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The 2017-2018 academic year marks the 10th anniversary of the FedEx Global Education Center. On Nov. 30, the center hosted a reception in recognition of this milestone, reflecting on Carolina’s global achievements and honoring the faculty, staff and alumni who have been an instrumental part of UNC’s international activity.

Rudi Colloredo-Mansfeld, senior associate dean for social sciences and global programs in the College of Arts & Sciences, highlighted the diverse work that units within the FedEx Global Education Center undertake to make a global impact here and abroad. (photo by Kristen Chavez) (He stands at a podium addressing the crowd at the celebration)
Rudi Colloredo-Mansfeld, senior associate dean for social sciences and global programs in the College of Arts & Sciences, highlighted the diverse work that units within the FedEx Global Education Center undertake to make a global impact here and abroad. (photo by Kristen Chavez)

Rudi Colloredo-Mansfeld, senior associate dean for social sciences and global programs in the College of Arts & Sciences, highlighted the diverse work that units within the building undertake to make a global impact here and abroad. Executive Vice Provost and Chief International Officer Ron Strauss reflected on UNC’s longstanding history of global education, noting that UNC’s first international student, Shinzaburo Mogi, arrived to Chapel Hill from Japan in 1893. Strauss also highlighted other milestones in UNC’s global history — from its first study abroad program in Sevilla in 1973 to its extensive collaboration with the Ministry of Health in Malawi, which has roots in the late 1980s.

The celebration culminated with a short film highlighting values of the Carolina global community, and in particular, those who work and study in the FedEx Global Education Center. Katie Bowler Young, director of Global Relations, introduced the film, noting that these values include the humanitarian ideals of South African leader, human rights activist and namesake of the building’s auditorium, Nelson Mandela, and the recognition of lifelong language learning as a critical part of global education, cultural exchange and international friendship.The film reaffirms these principles, featuring students, staff and faculty reciting an excerpt from Mandela’s autobiography Long Walk to Freedom in several of the 25 languages UNC offers to students.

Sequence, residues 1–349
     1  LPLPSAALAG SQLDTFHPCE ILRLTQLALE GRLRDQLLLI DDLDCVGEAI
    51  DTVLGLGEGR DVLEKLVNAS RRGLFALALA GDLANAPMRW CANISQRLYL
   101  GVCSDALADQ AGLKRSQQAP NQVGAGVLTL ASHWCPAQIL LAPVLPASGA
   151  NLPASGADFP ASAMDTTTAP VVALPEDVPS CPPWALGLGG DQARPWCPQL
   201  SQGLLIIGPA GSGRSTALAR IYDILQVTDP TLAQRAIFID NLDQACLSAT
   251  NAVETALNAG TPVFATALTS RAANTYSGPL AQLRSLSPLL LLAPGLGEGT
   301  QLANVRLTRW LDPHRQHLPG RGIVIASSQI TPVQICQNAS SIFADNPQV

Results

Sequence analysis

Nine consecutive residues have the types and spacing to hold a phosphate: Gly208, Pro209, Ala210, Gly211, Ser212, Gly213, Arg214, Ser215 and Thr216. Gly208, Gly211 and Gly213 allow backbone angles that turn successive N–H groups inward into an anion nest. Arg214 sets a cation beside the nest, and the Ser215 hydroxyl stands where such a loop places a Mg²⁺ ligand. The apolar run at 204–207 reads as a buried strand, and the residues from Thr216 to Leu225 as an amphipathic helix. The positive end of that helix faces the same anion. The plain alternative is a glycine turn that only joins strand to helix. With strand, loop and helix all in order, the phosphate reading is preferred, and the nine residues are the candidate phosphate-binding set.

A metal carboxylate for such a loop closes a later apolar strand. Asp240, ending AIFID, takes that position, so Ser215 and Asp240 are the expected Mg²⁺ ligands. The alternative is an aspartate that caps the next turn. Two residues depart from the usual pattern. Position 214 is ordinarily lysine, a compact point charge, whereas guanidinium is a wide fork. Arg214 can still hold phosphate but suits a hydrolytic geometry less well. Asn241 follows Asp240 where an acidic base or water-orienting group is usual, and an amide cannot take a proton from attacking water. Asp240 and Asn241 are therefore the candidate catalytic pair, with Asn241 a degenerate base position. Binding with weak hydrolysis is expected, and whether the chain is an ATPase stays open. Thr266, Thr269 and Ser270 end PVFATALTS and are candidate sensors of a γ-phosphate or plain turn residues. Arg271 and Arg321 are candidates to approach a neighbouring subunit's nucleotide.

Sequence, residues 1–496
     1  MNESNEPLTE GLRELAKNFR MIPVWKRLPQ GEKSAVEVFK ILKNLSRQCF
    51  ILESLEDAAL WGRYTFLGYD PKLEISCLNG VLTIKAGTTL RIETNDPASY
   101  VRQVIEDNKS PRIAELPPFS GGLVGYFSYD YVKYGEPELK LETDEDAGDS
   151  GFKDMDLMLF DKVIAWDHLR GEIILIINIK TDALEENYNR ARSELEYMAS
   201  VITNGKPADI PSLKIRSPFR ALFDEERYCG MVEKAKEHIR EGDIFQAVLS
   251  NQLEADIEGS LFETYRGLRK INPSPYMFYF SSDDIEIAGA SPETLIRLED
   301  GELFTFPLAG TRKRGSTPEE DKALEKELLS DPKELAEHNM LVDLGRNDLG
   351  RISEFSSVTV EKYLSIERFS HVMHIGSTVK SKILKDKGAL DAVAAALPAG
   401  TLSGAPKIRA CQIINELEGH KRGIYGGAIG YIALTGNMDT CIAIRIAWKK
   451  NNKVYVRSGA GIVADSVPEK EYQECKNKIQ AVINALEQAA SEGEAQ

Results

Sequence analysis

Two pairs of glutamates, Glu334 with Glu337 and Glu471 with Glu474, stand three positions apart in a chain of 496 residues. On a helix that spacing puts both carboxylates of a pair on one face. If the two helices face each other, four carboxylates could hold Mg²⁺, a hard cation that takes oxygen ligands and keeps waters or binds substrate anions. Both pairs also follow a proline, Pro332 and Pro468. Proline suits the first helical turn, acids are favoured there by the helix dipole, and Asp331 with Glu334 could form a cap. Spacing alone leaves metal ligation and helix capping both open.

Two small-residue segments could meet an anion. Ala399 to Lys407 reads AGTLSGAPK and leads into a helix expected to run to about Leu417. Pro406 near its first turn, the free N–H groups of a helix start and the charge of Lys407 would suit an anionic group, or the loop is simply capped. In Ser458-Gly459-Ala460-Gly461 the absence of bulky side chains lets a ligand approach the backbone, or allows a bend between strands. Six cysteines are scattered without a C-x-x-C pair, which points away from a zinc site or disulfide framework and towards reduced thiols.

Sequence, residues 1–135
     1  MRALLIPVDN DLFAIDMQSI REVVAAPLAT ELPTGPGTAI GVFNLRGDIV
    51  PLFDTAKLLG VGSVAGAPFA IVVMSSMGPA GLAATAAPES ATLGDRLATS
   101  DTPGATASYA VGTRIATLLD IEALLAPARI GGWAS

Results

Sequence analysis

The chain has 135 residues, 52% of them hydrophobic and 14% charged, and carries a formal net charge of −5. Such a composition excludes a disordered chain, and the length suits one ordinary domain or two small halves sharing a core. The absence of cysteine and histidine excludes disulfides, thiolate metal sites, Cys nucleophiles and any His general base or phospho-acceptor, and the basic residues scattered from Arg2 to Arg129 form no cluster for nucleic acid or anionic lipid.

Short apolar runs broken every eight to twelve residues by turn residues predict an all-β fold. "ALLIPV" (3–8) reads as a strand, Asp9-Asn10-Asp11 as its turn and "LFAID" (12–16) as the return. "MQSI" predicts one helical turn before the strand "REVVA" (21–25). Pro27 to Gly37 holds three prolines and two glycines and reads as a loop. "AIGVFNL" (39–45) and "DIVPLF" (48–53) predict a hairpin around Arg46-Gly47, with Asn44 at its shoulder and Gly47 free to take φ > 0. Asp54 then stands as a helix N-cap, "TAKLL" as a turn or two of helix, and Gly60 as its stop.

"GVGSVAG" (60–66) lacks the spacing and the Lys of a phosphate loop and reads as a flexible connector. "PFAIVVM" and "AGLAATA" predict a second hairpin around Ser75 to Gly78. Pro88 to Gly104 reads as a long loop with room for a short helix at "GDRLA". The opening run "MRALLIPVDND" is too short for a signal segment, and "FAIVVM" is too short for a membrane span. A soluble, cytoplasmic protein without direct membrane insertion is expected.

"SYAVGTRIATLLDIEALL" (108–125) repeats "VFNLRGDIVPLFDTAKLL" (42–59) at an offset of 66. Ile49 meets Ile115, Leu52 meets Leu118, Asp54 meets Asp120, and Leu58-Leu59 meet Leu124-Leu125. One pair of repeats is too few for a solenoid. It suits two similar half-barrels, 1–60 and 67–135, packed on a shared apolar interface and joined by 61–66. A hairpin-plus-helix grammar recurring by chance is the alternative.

Strauss emphasized UNC’s international partnerships and opportunities that units in the FedEx Global Education Center offer students and faculty. He also thanked those who help make UNC’s campus a welcoming community for students and scholars from more than 100 countries. “Your commitment to honoring and informing our community about world cultures is invaluable,” he said.

The FedEx Global Education Center was built in 2007 to bring together units committed to international education and previously housed in buildings across campus. The building is a tangible demonstration of the University’s commitment to global education, and it creates a hub for UNC’s global activity, with space for student and faculty services, academic instruction, and programs and research.

The 80,000-square-foot building was funded through support from the North Carolina General Assembly, with a $2.5 million improvement bond fund, and through the generosity of FedEx and UNC alumni. Today it is home to UNC’s global and area studies centers, six of which have been designated National Resource Centers by the U.S. Department of Education. It also houses International Student and Scholar Services, the Study Abroad Office in the College of Arts & Sciences, and academic programs including the Curriculum in Global Studies and the TransAtlantic Masters Program, among other units that support UNC’s international activity.

The FedEx Global Education Center hosts hundreds of lectures, exhibitions, conferences and international films throughout the year. Learn more about special events at global.unc.edu.

Story by UNC Global

 

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